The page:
The case for this so-called “tired mountain syndrome” was bolstered three weeks ago, when North Korea announced that it planned to shut the main testing facility at Mount Mantap where five of the six tests, including the last explosion, took place. A few weeks ago, a group of Chinese geologists claimed in a study published in Geophysical Research Letters that the mountain had collapsed following the latest nuclear test.

Now, scientists reporting today (May 10) in the journal Science have used satellite images to find that Mount Mantap indeed moved and compressed following the explosion. But according to the scientists, the mountain and test sites probably didn’t collapse completely.


Monster ocean wave sets southern hemisphere record

Scientists have recorded what is believed to be the largest wave ever in the southern hemisphere, a 23.8 metre monster the height of an eight-floor building.

A buoy recorded the wave on Tuesday during a ferocious storm in the notoriously wild Southern Ocean near Campbell Island, some 700 kilometres south of New Zealand, research body MetOcean Solutions said.

Senior oceanographer Tom Durrant said it wiped out the previous southern-hemisphere record of 22.03 metres recorded in 2012.

Durrant added that even bigger waves topping 25 metres were probably whipped up by the storm, which tracked east through the area on Tuesday, but the buoy was not in the best place to record them. He said the buoy, installed in March to measure the extreme conditions in the Southern Ocean, also only recorded for a 20-minute burst every three hours to conserve its batteries.



Massive ‘Dead Zone’ in the Arabian Sea

A massive “dead zone” in the Arabian Sea is the largest in the world, a new study reveals.

Dead zones are oxygen-starved ocean regions where few organisms can survive. They emerge in ocean depths ranging from 650 to 2,600 feet (200 to 800 meters), when influxes of chemical nutrients — typically from human pollution — spur algae growth, which sucks up oxygen. A significant oxygen-deprived region has bloomed in the Gulf of Oman for decades, but it was last surveyed in the 1990s.

Recently, researchers returned to the Gulf of Oman and found that the dead zone has expanded far more than expected, raising serious concerns about the future of local fisheries and ecosystems, researchers reported in a new study.


Most Polluted Cities

According to the World Health Organisation (WHO) global air pollution database released in Geneva, India has 14 out of the 15 most polluted cities in the world in terms of PM 2.5 concentrations — the worst being Kanpur with a PM 2.5 concentration of 173 micrograms per cubic metre, followed by Faridabad, Varanasi and Gaya.

The report states that 9 in 10 people in the world breathe polluted air. In a statement, it said 7 million people die every year because of outdoor and household air pollution. “Ambient air pollution alone caused some 4.2 million deaths in 2016, while household air pollution from cooking with polluting fuels and technologies caused an estimated 3.8 million deaths in the same period,” it said.

More than 90% of air pollution-related deaths occur in low- and middle-income countries, mainly in Asia and Africa, followed by low- and middle-income countries in the eastern Mediterranean region, Europe and the Americas.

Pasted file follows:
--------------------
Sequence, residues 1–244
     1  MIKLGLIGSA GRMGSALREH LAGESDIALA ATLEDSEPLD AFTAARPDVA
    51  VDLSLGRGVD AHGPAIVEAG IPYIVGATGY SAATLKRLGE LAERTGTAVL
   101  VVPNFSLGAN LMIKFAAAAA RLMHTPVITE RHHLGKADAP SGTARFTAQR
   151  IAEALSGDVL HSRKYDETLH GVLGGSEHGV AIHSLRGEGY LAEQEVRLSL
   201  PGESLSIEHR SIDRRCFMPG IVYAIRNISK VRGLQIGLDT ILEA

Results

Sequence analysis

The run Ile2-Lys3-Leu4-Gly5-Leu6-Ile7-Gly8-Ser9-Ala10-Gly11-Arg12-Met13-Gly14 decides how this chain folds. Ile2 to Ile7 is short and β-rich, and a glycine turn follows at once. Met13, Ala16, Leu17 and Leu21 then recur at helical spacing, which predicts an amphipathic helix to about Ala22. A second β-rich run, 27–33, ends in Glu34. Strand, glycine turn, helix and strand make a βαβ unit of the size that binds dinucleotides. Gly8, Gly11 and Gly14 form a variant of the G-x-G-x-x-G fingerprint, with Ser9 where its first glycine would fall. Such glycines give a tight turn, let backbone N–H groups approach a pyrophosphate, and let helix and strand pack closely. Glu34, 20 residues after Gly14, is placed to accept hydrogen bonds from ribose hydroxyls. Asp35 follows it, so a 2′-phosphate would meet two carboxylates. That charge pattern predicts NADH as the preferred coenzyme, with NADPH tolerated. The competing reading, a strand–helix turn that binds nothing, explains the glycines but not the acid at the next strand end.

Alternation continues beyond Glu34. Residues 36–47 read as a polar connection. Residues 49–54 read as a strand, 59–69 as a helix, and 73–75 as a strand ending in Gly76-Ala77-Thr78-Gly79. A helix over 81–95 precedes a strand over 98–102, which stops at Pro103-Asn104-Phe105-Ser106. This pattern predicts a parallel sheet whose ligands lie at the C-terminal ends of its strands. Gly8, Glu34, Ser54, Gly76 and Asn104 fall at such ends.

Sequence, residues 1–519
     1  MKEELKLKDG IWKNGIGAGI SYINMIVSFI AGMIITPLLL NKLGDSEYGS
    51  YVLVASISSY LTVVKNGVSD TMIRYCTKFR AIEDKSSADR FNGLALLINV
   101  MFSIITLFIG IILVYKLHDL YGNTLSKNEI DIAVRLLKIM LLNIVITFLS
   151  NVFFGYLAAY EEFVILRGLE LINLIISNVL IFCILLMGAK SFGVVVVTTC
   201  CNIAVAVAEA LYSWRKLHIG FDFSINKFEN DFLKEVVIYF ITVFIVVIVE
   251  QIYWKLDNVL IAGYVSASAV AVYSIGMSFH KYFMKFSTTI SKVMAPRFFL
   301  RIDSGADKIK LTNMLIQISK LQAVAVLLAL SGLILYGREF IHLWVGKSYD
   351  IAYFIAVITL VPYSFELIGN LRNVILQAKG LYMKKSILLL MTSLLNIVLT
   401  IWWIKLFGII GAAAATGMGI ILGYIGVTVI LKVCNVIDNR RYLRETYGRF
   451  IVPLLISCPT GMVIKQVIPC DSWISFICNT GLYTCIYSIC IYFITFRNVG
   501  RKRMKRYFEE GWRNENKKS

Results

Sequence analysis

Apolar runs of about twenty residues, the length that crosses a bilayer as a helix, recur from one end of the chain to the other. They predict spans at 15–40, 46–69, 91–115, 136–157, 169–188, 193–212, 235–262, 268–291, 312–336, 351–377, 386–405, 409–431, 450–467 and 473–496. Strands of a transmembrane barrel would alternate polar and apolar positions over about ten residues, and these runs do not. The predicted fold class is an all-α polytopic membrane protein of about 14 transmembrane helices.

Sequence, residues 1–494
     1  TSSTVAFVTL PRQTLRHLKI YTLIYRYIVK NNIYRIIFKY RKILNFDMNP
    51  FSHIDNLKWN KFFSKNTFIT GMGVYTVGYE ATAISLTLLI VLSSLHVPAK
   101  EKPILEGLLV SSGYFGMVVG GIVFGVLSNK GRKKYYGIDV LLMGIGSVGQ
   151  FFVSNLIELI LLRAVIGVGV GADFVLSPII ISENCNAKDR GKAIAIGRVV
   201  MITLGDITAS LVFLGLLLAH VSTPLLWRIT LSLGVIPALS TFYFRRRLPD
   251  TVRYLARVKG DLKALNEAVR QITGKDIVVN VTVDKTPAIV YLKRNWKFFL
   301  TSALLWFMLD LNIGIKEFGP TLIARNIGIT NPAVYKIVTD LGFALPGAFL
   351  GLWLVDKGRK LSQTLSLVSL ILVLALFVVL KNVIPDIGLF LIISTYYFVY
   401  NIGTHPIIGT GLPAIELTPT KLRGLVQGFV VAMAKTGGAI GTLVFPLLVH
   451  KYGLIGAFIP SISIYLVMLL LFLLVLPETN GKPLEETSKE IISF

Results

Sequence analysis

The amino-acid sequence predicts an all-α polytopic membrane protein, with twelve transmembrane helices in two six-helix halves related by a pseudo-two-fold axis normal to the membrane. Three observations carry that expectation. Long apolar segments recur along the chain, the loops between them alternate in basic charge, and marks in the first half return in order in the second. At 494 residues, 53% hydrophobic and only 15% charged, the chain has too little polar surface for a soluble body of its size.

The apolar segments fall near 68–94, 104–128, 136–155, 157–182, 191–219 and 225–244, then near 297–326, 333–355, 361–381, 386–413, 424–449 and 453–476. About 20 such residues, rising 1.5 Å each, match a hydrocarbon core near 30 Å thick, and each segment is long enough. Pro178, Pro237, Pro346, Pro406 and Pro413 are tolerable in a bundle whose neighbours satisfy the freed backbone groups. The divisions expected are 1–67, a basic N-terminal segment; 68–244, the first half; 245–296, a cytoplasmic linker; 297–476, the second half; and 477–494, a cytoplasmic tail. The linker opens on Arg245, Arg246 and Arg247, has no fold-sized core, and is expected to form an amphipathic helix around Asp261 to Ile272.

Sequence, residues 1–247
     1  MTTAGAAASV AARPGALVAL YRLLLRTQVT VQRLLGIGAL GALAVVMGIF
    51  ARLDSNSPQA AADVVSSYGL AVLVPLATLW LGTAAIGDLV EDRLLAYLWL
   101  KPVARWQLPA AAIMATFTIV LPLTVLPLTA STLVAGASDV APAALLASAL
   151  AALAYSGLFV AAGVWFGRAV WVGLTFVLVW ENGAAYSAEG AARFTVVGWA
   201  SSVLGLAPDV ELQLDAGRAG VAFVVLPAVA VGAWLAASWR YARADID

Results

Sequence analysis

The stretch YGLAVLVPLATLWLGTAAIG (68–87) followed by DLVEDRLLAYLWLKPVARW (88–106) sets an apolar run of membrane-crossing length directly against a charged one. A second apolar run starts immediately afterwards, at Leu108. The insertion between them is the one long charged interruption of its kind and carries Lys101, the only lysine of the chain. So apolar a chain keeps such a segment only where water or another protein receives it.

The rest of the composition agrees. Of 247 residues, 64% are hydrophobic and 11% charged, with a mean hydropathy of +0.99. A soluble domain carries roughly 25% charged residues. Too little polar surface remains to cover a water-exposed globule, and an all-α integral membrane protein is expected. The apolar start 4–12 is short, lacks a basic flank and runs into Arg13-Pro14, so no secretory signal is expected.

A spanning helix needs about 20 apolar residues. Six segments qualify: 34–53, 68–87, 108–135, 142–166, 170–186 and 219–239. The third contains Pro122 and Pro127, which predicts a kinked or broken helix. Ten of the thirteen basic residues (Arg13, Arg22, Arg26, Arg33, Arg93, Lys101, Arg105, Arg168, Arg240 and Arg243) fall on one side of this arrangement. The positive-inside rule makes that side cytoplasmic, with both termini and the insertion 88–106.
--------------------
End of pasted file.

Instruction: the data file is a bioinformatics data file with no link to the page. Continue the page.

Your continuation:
Arboreal ‘Heartbeat’

Dutch researchers say they have found evidence of a kind of “heartbeat” in trees that causes them to change shape in a regular rhythm that is much shorter than a day-night cycle.

András Zlinszky and colleague Anders Barfod at Aarhus University scanned 21 species of trees in windless and lightless conditions and found seesaw oscillations in branches that were most pronounced in magnolia trees.

Branches move up and down an average of 0.6 inch during cycles that are 2 to 6 hours in duration.

The pair thinks the pulses are evidence that trees have a “heartbeat” in which they actively squeeze water upward from their roots.


Another Kenyan Fracture

A second massive crack has ripped through the Kenyan landscape, but geologists assure nervous residents that neither means their country will break apart anytime soon.

They say both fissures were caused by heavy rains that soaked the area, causing the volcanic soil beneath to give way.

The latest “fault line” near the town of Naivasha is more than a mile long and has destroyed crops and forced at least 16 families to move to safer ground. The earlier fissure, about 20 miles to the southeast, severed a road and forced other people to flee in late March.

Scientists say a growing split in the African tectonic plate will eventually cause a slice of Africa to break away.

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Coral Shield

Australian scientists have developed a “sun shield” they hope can save the Great Barrier Reef from the coral bleaching that has ravaged the reef since 2016.

The shield is an ultra-thin biodegradable film that floats on the ocean’s surface. The shield contains calcium carbonate — the same compound corals use to make their hard skeletons.

While it would be impractical to deploy the film over the entire 135,000-square-mile reef, the scientists say it could be selectively placed to protect the most precious or high-risk areas.